Assignments, Tests, and Grades

Several problems will be collected approximately once per week. These assignments will collectively be the main basis for your final grade. However, since most students taking this Core Course are also preparing to take the department's Comprehensive Exam (which serves as both the PhD Qualifying Exam and the MS Final Exam for a PhD-Preparatory MS), it is desirable that you have some experience with in-class examinations. Thus we will also have a Mid-term Exam and a Final Exam. These tests may include any question (or variation thereupon) in a covered section of the text, whether the exercise was collected for homework or not. As with Qualifying Exams, no books or notes may be used during the test. However, greater weight will be given to the homework assignments in determining Final Grades for this course. I do not give a formula for calculating Final Grades, based on average scores for example, because I believe such formulas are inadequate at this level. (Comprehensive Exams also do not have a fixed passing score - this varies from exam to exam.) An A in this course designates work at a level indicative of successful doctoral study, whereas a B designates work at a level indicative of successful study at least in the Masters Program. A and B are the only satisfactory grades for graduate students. Of course these judgments are subjective, but I believe they provide students with better insight than a formula-based grade. Students are welcome to discuss with me privately how their work looks at any time during the semester. In fact, I encourage every graduate student to do so.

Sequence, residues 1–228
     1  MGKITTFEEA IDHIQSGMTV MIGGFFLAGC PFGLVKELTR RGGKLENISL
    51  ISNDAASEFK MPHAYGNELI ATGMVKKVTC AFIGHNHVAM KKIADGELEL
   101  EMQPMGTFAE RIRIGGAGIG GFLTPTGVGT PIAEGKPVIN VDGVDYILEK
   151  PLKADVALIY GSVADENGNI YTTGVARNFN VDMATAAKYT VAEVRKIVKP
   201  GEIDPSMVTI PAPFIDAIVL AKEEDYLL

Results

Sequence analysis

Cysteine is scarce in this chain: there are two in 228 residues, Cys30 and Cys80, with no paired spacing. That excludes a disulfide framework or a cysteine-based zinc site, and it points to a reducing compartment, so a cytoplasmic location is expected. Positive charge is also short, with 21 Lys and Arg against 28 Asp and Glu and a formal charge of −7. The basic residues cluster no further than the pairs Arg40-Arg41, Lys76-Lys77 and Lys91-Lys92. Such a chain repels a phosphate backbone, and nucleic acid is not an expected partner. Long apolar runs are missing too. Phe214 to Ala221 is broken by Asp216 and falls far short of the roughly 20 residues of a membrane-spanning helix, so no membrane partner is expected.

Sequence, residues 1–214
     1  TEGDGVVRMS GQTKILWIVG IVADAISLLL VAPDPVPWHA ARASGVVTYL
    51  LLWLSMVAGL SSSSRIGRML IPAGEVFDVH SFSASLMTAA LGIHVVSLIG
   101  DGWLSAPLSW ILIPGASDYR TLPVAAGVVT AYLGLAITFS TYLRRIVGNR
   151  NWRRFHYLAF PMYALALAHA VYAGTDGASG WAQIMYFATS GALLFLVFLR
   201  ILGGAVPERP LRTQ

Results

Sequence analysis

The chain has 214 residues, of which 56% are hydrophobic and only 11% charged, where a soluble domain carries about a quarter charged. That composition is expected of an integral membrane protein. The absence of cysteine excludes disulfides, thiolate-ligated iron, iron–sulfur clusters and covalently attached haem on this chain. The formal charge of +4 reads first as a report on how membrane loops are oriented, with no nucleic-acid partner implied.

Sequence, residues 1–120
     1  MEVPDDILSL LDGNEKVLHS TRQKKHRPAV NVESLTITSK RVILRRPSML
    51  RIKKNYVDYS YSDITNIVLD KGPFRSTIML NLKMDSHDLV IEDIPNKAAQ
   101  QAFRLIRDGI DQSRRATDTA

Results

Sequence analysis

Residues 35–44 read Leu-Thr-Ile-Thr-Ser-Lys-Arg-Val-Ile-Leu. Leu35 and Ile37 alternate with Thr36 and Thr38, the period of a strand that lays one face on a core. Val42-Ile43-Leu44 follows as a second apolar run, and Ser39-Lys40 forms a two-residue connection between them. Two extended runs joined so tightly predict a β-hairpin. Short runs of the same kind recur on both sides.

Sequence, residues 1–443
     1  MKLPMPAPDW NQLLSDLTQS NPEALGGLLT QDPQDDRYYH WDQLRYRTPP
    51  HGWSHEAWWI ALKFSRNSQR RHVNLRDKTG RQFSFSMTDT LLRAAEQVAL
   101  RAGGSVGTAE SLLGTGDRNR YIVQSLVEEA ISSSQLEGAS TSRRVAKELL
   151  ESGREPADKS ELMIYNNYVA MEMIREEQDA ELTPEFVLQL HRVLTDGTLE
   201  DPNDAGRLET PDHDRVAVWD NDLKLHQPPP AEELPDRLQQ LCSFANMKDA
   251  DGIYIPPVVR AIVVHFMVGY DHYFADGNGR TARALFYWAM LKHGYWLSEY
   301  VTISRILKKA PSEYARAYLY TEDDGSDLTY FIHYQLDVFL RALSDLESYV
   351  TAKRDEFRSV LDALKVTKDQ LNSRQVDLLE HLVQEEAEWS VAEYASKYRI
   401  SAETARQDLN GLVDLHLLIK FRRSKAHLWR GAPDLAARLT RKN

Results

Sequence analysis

General Advice: 7 Keys to Success!